Postcard: Seoul, by Darcy Paquet

PUBLISHED : Sunday, 19 January, 2014, 3:47pm
UPDATED : Sunday, 19 January, 2014, 3:47pm

Spies infiltrated the South Korean film industry in 2013 - and the local people welcomed them.

The notion of spying may seem romantic to people in other countries, but since the Korean war in the 1950s, South Korea's media have been reporting incidents involving real spooks. Deadly confrontations took place throughout the 20th century on both sides of the border. Nor is this a thing of the past: Seoul claims to have arrested 49 North Korean spies since 2003.

In South Korean movies, the North's spies are menacing. Kang Je-gyu's Shiri (1999), about a team of North Korean agents planning a terrorist attack in Seoul, featured Choi Min-sik (Oldboy, 2003) as a renegade bent on starting a new war. The plot of 2010 box office hit Secret Reunion centred on assassinations of defectors by North Korean spies.

Director Ryoo Seung-wan, after shooting Spies, a TV documentary about, well, spies in 2012, made The Berlin File, an action drama about North and South Korean agents in the German capital who are caught up in a deadly hunt when a weapons deal goes awry.

But recent spy films have taken a lighter approach: last year's Secretly Greatly is based on a popular webtoon about a North Korean spy who disguises himself as a country hick. The film, starring Kim Soo-hyun, took 48.7 billion won (HK$356 million) at the local box office. Also doing well in South Korean cinemas this winter is action extravaganza The Suspect, which features Gong Yoo as a North Korean agent framed for murder.

Both films play off the star power of their male leads, who portray spies betrayed by their North Korean superiors. Neither work makes much of an attempt to instill a sense of realism into their stories, using the espionage theme as a motivation for action setpieces and sentimental drama.

Two South Korean spy films are in Hong Kong cinemas this month. Action movie Commitment features K-pop star Choi Seung-hyun (stage name T.O.P., of boy band Big Bang) as a young Northerner whose father fails in an espionage mission to the South. After he and his sister are sent to a labour camp, he volunteers for a mission that takes him across the 38th parallel. Although not a huge hit at home, the film still made 7 billion won.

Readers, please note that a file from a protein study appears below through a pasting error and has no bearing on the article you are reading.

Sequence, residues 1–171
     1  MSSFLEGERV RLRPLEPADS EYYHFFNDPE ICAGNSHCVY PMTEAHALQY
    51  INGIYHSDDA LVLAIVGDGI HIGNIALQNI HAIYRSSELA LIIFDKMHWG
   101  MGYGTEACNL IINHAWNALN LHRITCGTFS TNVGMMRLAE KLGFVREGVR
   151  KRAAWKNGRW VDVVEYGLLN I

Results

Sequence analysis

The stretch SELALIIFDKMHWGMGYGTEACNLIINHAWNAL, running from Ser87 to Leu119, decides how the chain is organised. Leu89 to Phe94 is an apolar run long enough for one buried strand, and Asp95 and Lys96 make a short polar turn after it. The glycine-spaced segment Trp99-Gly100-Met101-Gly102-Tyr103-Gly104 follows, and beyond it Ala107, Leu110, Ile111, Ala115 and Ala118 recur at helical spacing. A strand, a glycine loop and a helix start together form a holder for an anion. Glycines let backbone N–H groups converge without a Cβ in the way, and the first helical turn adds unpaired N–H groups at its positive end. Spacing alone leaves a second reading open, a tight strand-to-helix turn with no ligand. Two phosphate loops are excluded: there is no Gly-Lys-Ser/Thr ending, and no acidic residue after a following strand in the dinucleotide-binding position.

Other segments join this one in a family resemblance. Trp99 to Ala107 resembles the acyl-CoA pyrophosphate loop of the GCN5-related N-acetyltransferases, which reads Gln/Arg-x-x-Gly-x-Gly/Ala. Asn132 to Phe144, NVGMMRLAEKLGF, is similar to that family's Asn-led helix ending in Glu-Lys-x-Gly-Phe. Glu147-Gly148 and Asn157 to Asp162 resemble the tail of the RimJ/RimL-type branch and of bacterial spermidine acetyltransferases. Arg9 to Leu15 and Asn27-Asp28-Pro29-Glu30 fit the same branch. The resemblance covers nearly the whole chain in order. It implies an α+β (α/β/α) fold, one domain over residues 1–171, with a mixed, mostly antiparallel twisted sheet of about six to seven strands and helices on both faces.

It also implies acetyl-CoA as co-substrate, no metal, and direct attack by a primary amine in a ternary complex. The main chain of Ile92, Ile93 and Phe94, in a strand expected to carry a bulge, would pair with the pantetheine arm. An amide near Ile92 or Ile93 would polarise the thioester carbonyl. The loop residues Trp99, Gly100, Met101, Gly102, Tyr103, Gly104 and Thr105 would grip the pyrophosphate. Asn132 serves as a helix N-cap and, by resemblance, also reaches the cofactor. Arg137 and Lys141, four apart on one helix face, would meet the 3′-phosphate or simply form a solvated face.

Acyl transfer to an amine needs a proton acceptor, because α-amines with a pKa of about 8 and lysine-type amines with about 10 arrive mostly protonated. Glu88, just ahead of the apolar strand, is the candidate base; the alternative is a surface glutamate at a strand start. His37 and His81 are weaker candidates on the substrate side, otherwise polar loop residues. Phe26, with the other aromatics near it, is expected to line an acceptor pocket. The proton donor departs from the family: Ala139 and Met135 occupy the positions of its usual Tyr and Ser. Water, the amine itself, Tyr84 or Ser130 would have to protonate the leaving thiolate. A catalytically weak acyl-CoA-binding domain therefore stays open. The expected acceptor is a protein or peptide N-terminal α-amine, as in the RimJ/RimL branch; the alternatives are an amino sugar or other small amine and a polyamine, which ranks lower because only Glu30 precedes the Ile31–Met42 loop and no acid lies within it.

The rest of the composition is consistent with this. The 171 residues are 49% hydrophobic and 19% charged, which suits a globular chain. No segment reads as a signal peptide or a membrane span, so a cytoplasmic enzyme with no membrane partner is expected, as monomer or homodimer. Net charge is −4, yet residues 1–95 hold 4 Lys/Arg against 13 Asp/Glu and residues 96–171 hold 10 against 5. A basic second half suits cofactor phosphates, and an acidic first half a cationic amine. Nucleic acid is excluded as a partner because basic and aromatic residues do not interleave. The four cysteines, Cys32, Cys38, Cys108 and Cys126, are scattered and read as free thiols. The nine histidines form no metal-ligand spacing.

Lee Seung-jun's The Spy: Undercover Operation has superstar Sol Kyung-gu playing an elite South Korean agent who keeps his job secret from his suspicious wife, played by Moon So-ri. They end up in Thailand, entangled in a plot involving a genius North Korean nuclear physicist. Released domestically last September, this action comedy which reunited the male and female leads of Lee Chang-dong's far more serious Peppermint Candy (1999) and Oasis (2002) did not impress critics, but still brought in 24.5 billion won at the box office.

So why the sudden flood of spy movies? One simple reason has to do with money. South Korean film companies have their eyes set on the international market, and certain types of films tend to appeal to foreign distributors more than others. The action genre is traditionally an easy sell, and the fraught relationship between North and South Korea is a familiar topic for viewers in other countries. Sure enough, many of these recent spy movies have been picked up by film companies around the world.

These recent movies also reflect general attitudes among South Koreans towards the North. Whereas there used to be an element of real danger in the cinematic depictions of North Korean spies, recent films feel more distant from reality, closer to James Bond than to the evening news. Indeed, North Korea often feels like a distant country.

The threat posed by North Korea is now well into its seventh decade, and in polls younger South Koreans show little desire for reunification. Whereas in the 1990s belligerent language and action from the North caused panic across the border, such hostility has now grown drearily familiar. "Aren't you nervous about North Korea?" foreign journalists ask passersby in Seoul, often to be greeted with a snort of derision: "Why should we take them seriously?"

South Korean movies seem to be taking the same attitude.

Commitment is playing in cinemas; The Spy: Undercover Operation opens on Thursday